Serving time in Facebook jail is getting old
Published 10:03 am Wednesday, January 12, 2022
By Ricky Swindle
Muffler Shop Musings
I’m fresh out of jail. No, not Sheriff Phelp’s jail, thank the Lord. I’ve been in Facebook jail for seven days.
On the social media giant Facebook, if you post a certain statement, quote or image that goes against their “community standards” they remove your ability to post anything on their platform for a certain amount of time.
I’m a habitual Facebook offender and have been sentenced on multiple occasions for different types of social media crimes over the years.
I have never been banned for vulgarity or lewdness because I don’t that publish that kind of content on my page, although I read several examples of what can be described as basically pure filth as I read down some of the pages I scroll.
By the looks of some of the more graphic posts I see, I sometimes wonder what community Facebook is actually using to devise their so- called community standards.
That community must be a rough place with all the stuff I witness on those pages. I wouldn’t desire to reside there for any measure of stay.
My length of jail time is increasing with every offense I’m found guilty of even though I’m convicted with not as much as a trial with a jury of my community peers.
At first it was a 24 hour ban, then later 48 then 72, now I’m up to seven days. I suppose it will only increase as my arrest and conviction rate also enhances, and I trust it will.
Being a Facebook criminal teaches you almost the same things as being a real criminal in some respects if you choose to continue your criminal life. You must learn to be a better, smarter criminal.
In the beginning of my Facebook life of crime, I was unknowing and thus penalized for my ignorance of The Great FaceBook Community Standards of what to and not to post. But as we all know, while ignorance may be bliss in certain situations it is no excuse when it comes to breaking rules or laws.
I spent my first few days of social media incarceration pondering on my wayward, unlawful self and discovering what I actually did that was wrong and educating myself to dictate my posts in a different wording as not to be caught by the Facebook Police Department.
As you all know, I enjoy to a high degree the Annual Shriners 100 Gun Raffle and I advertise the event heavily on my radio show, in this newspaper, on SuperTalk Radio and any place I can find with folks that will listen. I love that event and all of us together have helped raise tens of thousands of dollars for The Shrine over the years.
Advertising fundraiser raffles is legal on Facebook, but gun raffles or gun anything is not welcome, and it puts you in violation as I have so learned.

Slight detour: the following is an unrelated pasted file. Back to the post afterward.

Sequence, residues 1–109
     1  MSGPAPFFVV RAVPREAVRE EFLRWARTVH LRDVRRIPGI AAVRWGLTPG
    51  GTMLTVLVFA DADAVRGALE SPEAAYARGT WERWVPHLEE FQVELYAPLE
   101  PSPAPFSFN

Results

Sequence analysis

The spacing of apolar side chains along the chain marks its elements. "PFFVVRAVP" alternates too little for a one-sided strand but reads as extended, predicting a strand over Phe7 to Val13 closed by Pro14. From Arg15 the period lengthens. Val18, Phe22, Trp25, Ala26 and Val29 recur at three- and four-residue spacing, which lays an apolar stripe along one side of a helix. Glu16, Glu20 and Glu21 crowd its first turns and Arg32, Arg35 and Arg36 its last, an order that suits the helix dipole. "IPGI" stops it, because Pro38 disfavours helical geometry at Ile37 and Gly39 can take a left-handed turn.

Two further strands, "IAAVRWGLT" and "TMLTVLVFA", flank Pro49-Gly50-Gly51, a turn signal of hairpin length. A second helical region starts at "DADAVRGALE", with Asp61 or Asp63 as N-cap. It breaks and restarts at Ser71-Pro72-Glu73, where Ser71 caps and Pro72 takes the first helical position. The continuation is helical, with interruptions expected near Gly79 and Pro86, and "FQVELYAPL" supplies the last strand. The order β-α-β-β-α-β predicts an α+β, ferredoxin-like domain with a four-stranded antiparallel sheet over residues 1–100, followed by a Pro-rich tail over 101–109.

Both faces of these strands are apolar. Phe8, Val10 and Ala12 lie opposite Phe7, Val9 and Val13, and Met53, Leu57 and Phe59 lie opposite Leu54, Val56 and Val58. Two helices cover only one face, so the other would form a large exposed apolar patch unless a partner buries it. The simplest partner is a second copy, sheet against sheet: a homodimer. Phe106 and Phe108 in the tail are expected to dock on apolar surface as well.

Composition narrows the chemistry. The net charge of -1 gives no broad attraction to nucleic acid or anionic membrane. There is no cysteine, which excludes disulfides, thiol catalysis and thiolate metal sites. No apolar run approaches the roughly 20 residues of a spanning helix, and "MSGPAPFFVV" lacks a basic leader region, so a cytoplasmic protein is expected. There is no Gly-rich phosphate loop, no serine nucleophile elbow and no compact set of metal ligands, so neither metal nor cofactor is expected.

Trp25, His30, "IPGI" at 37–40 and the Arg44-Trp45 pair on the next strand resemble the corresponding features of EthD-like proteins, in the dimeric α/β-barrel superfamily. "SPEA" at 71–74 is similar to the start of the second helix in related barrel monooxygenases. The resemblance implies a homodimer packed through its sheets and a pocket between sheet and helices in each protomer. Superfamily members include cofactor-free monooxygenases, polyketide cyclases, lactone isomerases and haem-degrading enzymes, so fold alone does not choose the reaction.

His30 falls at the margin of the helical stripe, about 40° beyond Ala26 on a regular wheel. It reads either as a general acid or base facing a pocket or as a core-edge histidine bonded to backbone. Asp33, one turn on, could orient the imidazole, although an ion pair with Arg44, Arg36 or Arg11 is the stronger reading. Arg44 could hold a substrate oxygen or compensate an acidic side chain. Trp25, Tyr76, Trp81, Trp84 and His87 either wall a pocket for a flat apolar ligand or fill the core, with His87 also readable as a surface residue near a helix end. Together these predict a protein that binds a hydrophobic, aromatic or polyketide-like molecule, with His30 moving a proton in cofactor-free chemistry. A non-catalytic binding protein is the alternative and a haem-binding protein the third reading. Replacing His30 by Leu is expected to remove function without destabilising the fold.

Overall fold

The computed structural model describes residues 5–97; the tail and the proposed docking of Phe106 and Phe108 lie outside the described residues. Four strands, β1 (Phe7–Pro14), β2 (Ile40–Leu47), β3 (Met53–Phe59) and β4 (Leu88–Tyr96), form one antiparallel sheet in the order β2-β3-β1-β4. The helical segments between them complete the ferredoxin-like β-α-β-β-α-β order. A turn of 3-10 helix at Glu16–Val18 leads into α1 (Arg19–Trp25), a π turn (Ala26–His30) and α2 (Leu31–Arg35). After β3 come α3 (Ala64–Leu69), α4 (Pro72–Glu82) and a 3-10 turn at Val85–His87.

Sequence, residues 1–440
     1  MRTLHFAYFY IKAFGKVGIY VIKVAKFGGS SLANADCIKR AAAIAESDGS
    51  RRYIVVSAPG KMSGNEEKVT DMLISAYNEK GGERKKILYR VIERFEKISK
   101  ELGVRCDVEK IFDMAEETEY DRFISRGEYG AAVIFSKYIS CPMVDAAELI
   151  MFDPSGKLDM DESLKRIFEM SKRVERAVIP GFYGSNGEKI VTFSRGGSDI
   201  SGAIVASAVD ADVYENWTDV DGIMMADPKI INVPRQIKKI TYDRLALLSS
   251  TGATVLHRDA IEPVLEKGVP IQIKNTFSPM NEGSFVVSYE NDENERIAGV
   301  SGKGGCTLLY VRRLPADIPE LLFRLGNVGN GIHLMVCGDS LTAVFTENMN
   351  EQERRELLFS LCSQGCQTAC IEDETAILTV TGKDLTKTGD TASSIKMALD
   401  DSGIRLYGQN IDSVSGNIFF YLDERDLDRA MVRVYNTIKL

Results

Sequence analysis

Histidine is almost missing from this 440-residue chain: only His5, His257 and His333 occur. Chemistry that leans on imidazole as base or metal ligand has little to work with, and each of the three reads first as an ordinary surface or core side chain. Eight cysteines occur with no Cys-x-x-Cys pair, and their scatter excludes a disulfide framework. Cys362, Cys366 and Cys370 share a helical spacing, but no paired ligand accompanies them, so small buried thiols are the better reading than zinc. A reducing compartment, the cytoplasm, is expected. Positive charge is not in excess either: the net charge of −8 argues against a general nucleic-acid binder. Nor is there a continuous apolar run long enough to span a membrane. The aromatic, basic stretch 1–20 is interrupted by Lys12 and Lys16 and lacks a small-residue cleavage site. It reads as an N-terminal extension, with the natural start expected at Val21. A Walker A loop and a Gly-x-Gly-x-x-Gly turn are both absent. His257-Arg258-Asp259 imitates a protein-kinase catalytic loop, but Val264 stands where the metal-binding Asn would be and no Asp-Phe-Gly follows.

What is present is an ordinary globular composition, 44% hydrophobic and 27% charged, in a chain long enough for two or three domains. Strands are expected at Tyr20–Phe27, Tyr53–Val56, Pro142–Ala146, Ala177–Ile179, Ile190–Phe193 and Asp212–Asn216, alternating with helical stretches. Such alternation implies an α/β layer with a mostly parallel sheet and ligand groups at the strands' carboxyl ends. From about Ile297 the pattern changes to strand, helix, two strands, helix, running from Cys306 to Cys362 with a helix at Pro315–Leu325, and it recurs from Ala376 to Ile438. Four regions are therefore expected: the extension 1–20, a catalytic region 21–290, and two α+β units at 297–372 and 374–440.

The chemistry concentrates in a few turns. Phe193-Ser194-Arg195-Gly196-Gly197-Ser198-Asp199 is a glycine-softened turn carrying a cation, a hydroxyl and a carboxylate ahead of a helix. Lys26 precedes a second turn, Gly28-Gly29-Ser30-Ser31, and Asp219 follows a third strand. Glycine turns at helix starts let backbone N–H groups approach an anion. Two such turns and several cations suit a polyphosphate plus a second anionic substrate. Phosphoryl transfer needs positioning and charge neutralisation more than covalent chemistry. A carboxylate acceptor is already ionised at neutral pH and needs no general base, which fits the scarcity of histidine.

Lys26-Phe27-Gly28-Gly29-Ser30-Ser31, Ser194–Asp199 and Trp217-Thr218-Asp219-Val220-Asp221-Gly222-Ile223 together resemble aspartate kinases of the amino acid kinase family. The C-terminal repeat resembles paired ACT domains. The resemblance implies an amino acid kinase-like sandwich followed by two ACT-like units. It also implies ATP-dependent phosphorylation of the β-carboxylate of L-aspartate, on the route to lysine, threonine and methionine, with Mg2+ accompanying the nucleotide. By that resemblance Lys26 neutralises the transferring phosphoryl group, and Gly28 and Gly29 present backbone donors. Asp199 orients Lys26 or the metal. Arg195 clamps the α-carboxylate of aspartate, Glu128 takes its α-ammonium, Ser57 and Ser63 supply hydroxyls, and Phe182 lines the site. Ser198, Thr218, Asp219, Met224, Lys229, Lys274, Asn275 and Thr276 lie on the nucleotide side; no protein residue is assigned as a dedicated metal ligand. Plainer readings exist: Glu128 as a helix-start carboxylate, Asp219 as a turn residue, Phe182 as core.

Over the years, with my literary criminal wisdom sharpening daily, I learned that I could post the gun raffle if I blacked out the word gun on the picture of the ticket I posted. Also, when I post about said raffle, I do not refer to it as a gun raffle, I use the words “Can Opener Raffle”. The Shriners 100 Can Opener Raffle the post leads off each September.
It’s amazing. The folks reading my post receive so much satisfaction and joy knowing good and well that I am working around these communistic censorship rules of Facebook that our Shriner Gun Raffle ticket sales have actually increased with people using their cash apps to actually purchase the tickets on FaceBook itself!
A few months back I was put in Facebook jail for bullying when the only thing I did was posted a picture of my grandheathen daughter with the words “There is nothing on my page that would embarrass my teenager granddaughter. Some of y’alls pages are nastier than a backed up septic tank. Might ought to clean it up a bit before your young’uns learn how to read”.
Sound advice I thought. Nope, that’s bullying the Facebook law said. Five days on bread and water for me.
This last one kind of took me by surprise to be honest and it cost me a week, nonetheless.
I posted a video the Sunday it snowed sitting in a deer stand. Two little bobbing wood ducks were playing in the creek below me and I thought it was pretty, so I recorded it and placed it on my page.
Shortly, a friend commentor asked “Where are you?” I wasn’t about to tell anyone where this sweet spot was located and jokingly replied with a line I have heard since I was a kid: “I’d tell you, but then I’d have to kill you.” Followed up with three crying, laughing funny face things. It was a joke pure and simple.
Within minutes, the Facebook KGB deleted my comment and sent me a notice that my account was suspended for seven days and that I could not participate in any group for 30 days.
I reckon the word “kill” is a “trigger” word, for lack of a better word, and when I posted, it automatically went into shut down mode.
After serving seven days I was sent back into society with what I believe is a little more knowledge about words and phrases that will be acceptable to their forum, and it is their forum believe you me.
I wonder what the next big thing will be. Facebook can’t last forever, nothing ever does. Congress keeps bumping around with the Section 230 law that protects internet companies from liability, but I believe the handwriting is on the wall for that law.
All things good or bad eventually end and so will Facebook.
It’s going to be strange to have to have an actual one on one face to face conversation with others one day. How will we know who had what for supper or whose husband is great or whose wife is not? Will we ever trust again if people are single, separated, married or in a relationship for the umpteenth time if it’s not FaceBook official? I’m sure they are already working on a solution for that dilemma too.
Take care of yourself folks and I’ll visit with you again if this article does not break any Panolian community standards, but the next one might, you never know with a habitual word criminal like me.